Document Type


Journal/Book Title/Conference

Journal of Accessibility and Design for All






Universitat Politècnica de Catalunya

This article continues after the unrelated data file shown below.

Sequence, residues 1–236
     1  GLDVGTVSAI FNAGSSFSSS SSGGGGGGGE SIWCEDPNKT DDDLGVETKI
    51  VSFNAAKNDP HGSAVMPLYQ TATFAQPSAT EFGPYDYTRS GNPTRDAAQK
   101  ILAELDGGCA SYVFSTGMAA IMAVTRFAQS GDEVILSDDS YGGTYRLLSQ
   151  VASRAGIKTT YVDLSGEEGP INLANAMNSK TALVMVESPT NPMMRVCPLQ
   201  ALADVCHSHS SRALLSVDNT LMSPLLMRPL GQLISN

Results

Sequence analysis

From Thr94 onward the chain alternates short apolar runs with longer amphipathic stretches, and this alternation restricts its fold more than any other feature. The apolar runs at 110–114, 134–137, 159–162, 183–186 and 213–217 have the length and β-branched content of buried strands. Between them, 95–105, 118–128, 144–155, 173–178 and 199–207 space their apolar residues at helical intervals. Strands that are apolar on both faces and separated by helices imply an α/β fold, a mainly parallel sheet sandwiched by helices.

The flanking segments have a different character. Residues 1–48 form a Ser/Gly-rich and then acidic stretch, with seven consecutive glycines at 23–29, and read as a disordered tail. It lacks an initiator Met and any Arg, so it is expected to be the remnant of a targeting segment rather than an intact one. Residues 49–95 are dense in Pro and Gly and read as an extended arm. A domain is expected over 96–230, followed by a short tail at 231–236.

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To accommodate the needs of pedestrians, urban designers need to carefully consider pedestrian walking behavior in different walking environments. Detailed studies of the walking behavior of pedestrians have been conducted and used for pedestrian simulation models. A right-angle turning facility (RATF) is found in many built environments. Hence the study of pedestrians' walking behavior in RATFs is important to build pedestrian simulation models. Previous studies have failed to address the walking behavior of individuals with visual and mobility disabilities even though they comprise a significant portion of the population in the United States. The purpose of this paper is to provide a comparative analysis of the effect of indoor RATFs on individuals with and without disabilities. The objective of this study was to determine whether there is any difference in the length of turns in the RATFS of individuals with and without disabilities and see the effect of RATFs in the walking speed of the individual with disabilities (IWDs) and individuals without disabilities (IWODs). The results show that for RATFs, individuals with visual disabilities and those with mobility disabilities have different walking behavior from each other and from IWODs. Therefore, individuals with visual and mobility disabilities should be considered differently from individuals without disabilities in simulation models.